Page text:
Captain America: Civil War: What the Surprise Credits Scenes Mean (SPOILERS!)

This post contains spoilers about Captain America: Civil War. Consider yourselves warned.

Ever since Nick Fury popped up at the close of Iron Man, the Marvel Cinematic Universe has used bonus credits scenes to set up future films and/or provide fan-service Easter eggs. And Captain America: Civil War does not disappoint. The latest installment in the MCU, in theaters now, contains both a mid-credits scene and a post-credits scene that are definitely worth sticking around for.

The first sequence features Captain America (Chris Evans), Bucky “The Winter Soldier” Barnes (Sebastian Stan), and T'Challa/The Black Panther (Chadwick Boseman) in a lab in the latter’s fictional country of Wakanda. Bucky agrees to be placed under T'Challa’s protection in a state of suspended animation until Cap figures out how to ensure his buddy is completely deprogrammed. The scene underscores T'Challa’s compassion and ability to realize he was mistaken in believing his father, King T'Chaka, was killed by the Winter Soldier’s bomb. It also establishes the Panther’s fearlessness. When Cap says that enemies might try to track down the Winter Soldier, T'Challa replies: “Let them come.”

The segment then gives us a sneak peek at T'Challa’s technologically advanced civilization hidden in Africa. Previously, Wakanda was teased in a map in Iron Man 2 and a mention in Avengers: Age of Ultron, when weapons trader Ulysses Klaue (Andy Serkis) is tasked by the titular android to secure Wakanda’s precious Vibranium to make his body virtually impervious. (Klaue is a key figure in the Black Panther mythos, and is the kind of villain who might reappear in a standalone Black Panther.) Now we get our first look at the land and its blend of tech and mystique.

Related: Meet the Black Panther — the MCU’s New Breakout Hero

In the Marvel world, Wakanda is the sole location of Vibranium, the wonder metal that comprises both Captain America’s shield and the Black Panther’s bulletproof costume. Aside from T'Challa’s laboratories, we also get a glimpse of the sacred Panther idol, whose significance will undoubtedly be revealed in the Black Panther solo film, directed by Ryan Coogler (Creed) and slated for a February 2018 release.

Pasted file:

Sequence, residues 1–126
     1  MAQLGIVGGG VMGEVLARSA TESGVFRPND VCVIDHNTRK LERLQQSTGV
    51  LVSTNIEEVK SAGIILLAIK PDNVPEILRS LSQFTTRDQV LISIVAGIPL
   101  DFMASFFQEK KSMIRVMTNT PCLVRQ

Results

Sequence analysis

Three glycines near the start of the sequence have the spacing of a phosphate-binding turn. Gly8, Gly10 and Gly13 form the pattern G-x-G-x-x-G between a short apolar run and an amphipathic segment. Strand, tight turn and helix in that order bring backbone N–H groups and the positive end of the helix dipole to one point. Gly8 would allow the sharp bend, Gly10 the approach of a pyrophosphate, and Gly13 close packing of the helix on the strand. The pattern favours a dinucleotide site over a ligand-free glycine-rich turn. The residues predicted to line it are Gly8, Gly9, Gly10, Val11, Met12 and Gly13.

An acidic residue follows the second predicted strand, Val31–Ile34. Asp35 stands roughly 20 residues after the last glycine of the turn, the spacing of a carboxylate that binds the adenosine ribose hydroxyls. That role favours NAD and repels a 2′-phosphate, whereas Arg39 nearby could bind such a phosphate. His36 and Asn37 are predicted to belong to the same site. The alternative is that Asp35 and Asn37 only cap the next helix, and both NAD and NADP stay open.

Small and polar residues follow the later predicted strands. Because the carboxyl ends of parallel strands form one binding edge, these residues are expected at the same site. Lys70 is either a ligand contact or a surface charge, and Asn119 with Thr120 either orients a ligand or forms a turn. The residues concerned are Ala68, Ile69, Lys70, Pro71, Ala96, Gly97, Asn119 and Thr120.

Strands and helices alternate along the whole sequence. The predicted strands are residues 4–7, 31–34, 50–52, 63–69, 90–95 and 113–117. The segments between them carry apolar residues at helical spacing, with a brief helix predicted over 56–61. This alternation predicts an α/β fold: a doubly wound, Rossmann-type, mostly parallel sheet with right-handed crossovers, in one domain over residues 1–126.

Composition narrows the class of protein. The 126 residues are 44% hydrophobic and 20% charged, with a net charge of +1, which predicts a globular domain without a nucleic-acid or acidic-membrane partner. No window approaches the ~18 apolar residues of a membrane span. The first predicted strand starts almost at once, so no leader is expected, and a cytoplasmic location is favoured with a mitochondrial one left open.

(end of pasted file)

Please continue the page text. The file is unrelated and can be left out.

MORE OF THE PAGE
Aside from establishing the Panther’s home base, the mid-credits scene suggests that the Winter Soldier might not be one of the bajillion heroes directors Anthony and Joe Russo will try to cram into the Avengers: Infinity War movies set for 2018 and 2019.

“We had to figure out where to leave Bucky,” co-writer Stephen McFeely explains to Yahoo Movies. “His story has been told in a way —
not completely, but for the moment.” Adds co-writer Christopher Markus: “It’s like Steve Rogers has closed a three-movie book by the end of this. And where he goes next is,” he lowers his voice to a whisper, “up to Thanos.”

The post-credits scene, meanwhile, takes us back to the Queens apartment of Peter Parker (Tom Holland). Our new Spidey is in his bedroom fiddling with a gadget that emits streaks of red light. Enter his abnormally attractive Aunt May (Marisa Tomei), who brings an icepack to soothe his wounds from the recent superhero smackdown. Peter, now with a black eye in full view, tells her the damage came courtesy of a bully named Steve “from Brooklyn” (meaning Captain America), and that he had a friend with him who “was huge, like really huge” (meaning Scott Lang’s new alter ego, Giant Man).

Once May exits, Spidey reveals the gadget to be a watch — almost certainly a parting gift from new friend Tony Stark, a.k.a. Iron Man (Robert Downey Jr.). We then follow its emitting red lights up to the ceiling, where we see a hologram of a Spider-Man head.

It’s a slick callback to the vintage symbol Spidey used in the comics to let baddies know he was on their trail.

“Spider-Man will return,” then flashes on the screen. The sequence is clearly meant to set up next summer’s web-slinger reboot, Spider-Man: Homecoming, which Marvel Studios and Sony Pictures will co-produce after reaching a character-sharing deal last year.

Related: The Long Fight to Land Spider-Man in ‘Captain America: Civil War’

The sequence works for a couple reasons. First, while the feel-good ending of the film closes out most of the arcs for the supes involved, the last we saw of Spidey, he was lying on a tarmac nursing his wounds with Iron Man telling him, “You’re done, kid.” The apartment scene drives home the fact that really, he’s only getting started.

Second, after the last three relatively disappointing Spider-Man solo films, fans have reason to celebrate after Marvel’s triumphant use of the character in Civil War. The film itself felt like a victory lap to the deal Marvel was able to strike with Sony, and the post-credits scene is the exclamation point.